This evening I attended the first of six beginner’s stained glass classes at Northern Art Glass, a local studio that (in addition to offering a whole bunch of courses) does custom and restoration/conservation work. They do some seriously gorgeous work (one, two, three) so I was pretty excited when I stumbled across their website poking around for a place to take a class.
What surprised me most (and is clearly an indication that I need to get out of the house more often) was that the store (in spite of the “Closed” sign on the door) was full of people. There was at least one or two other classes being taught, and it seemed like a bunch of other people were there using the studio/workshop space for personal work. My class only has three other people in it, and Lynne (the instructor) was fun and friendly and obviously excessively knowledgeable about her craft. I’m pretty sure she could have gone on for the full two and a half hours just talking about the various types of glass available.
After a quick rundown on the whole process of doing copper foil glasswork, we finally got down to the serious business of turning larger pieces of glass into smaller pieces of glass using a variety of glass cutters (and, to the man, drawing blood in the process). Lynne, after watching me struggle valiantly with a pen-like glass cutter, made fun of me a little, asked me how sore my arm was, then suggested a more ergo-friendly cutter. Valuable advice, in that it made my cuts easier, more accurate, and significantly less stressful on my wrist/fingers/arm. Yay! Ergo stuff rules. (Aside to shaver: Yes, I ordered my Kinesis gear.)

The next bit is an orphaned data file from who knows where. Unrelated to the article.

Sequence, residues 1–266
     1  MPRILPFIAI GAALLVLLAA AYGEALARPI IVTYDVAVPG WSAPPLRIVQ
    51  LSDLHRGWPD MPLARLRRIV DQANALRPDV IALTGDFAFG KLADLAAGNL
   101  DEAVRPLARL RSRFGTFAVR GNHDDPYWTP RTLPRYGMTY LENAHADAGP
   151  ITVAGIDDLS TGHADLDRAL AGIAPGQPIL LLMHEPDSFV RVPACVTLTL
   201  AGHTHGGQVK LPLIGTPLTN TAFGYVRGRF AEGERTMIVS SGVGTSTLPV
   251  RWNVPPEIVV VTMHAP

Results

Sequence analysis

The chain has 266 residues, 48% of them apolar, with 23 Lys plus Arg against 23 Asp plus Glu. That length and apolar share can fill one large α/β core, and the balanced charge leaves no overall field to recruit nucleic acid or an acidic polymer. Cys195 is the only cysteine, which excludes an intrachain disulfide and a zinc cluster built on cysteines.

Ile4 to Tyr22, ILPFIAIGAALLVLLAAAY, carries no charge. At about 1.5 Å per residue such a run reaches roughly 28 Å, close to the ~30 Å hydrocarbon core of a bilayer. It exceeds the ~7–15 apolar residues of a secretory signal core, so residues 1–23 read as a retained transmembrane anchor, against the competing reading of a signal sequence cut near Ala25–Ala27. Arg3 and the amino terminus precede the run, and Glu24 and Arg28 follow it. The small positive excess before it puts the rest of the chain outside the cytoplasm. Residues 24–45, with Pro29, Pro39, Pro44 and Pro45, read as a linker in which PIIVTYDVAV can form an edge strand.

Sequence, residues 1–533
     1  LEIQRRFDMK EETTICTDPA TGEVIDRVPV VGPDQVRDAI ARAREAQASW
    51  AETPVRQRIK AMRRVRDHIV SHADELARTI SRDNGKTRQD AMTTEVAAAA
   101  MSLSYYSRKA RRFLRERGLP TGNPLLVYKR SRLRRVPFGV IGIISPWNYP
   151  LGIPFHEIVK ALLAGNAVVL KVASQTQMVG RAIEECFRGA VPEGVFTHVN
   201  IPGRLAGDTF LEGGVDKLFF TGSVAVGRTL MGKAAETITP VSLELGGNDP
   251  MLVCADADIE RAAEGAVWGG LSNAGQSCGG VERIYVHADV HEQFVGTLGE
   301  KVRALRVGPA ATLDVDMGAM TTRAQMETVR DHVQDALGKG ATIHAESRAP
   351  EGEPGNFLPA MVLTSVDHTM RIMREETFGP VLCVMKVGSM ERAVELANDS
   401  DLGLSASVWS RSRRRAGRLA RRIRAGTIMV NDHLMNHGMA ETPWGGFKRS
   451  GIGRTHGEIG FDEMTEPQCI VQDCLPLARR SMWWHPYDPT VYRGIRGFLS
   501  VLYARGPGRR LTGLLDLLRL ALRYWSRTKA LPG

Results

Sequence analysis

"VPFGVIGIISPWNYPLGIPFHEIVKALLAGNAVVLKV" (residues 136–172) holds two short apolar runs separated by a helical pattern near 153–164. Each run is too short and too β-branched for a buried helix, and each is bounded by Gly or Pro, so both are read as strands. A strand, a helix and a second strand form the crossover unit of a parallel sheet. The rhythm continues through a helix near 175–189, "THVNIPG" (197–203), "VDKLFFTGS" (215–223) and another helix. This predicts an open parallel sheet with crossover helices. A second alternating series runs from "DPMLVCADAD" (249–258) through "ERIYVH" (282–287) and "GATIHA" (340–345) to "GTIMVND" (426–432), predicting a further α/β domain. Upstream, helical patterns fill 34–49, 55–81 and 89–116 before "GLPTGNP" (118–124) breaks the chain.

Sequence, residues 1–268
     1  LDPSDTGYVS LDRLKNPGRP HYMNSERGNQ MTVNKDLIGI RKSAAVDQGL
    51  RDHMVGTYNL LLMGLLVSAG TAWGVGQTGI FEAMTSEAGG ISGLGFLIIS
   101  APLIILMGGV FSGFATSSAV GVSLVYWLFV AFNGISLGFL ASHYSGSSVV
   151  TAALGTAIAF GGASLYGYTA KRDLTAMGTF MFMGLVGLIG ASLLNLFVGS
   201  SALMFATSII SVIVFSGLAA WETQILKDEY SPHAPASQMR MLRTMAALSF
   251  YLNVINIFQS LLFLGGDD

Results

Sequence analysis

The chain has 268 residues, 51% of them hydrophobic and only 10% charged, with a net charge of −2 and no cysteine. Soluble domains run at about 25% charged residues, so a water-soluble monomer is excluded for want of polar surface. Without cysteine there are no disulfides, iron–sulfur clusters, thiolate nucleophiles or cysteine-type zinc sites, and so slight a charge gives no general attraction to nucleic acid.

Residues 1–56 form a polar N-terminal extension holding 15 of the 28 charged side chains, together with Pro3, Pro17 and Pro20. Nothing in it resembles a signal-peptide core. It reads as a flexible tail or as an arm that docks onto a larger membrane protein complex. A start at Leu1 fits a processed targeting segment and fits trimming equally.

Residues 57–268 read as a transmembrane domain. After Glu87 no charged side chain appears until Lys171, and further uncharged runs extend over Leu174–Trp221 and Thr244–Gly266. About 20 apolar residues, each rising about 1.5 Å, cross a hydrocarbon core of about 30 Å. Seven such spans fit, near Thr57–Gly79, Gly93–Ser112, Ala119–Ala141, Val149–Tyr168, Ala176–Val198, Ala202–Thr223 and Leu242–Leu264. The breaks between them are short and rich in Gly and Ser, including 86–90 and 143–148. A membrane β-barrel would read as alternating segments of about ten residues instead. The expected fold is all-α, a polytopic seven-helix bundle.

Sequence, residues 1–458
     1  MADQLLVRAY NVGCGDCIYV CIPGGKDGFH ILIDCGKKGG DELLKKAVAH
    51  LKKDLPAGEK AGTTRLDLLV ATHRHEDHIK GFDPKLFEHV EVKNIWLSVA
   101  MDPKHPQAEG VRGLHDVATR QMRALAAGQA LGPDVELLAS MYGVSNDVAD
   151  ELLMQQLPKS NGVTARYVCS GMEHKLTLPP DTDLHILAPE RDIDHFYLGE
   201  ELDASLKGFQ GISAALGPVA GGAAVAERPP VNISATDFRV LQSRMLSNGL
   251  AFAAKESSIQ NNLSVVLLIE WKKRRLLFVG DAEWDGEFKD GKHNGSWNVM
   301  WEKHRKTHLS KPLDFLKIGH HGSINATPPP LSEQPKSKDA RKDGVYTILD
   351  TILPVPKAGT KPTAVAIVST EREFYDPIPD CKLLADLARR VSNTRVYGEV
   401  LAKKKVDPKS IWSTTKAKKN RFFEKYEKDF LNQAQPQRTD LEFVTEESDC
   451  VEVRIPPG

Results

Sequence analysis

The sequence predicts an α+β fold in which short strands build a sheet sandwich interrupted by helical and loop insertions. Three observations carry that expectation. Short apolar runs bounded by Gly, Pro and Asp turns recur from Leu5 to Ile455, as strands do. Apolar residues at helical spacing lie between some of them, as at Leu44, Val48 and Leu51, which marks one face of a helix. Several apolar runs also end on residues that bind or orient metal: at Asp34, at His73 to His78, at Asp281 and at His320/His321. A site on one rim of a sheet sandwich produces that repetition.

So after chopping up some plain old glass into random bits, we spent some time chopping plain old glass up into non-random bits, following a very simple three piece apple pattern. Once we got a hang of that, we moved on to actual coloured glass and chopped it up into the apple bits. Then, surprisingly, it turned out that 2.5 hours was over, and I jumped on a bus to come home.
I had a lot of fun, and am already looking forward to next week. I’ve always loved stained glass (windows, doors, lamps, candle holders, panels, room dividers, what have you), so I could see this actually becoming a relatively viable hobby. The equipment and materials aren’t exceedingly expensive, and it might be a nice way to get away from the machines for a while. Hm!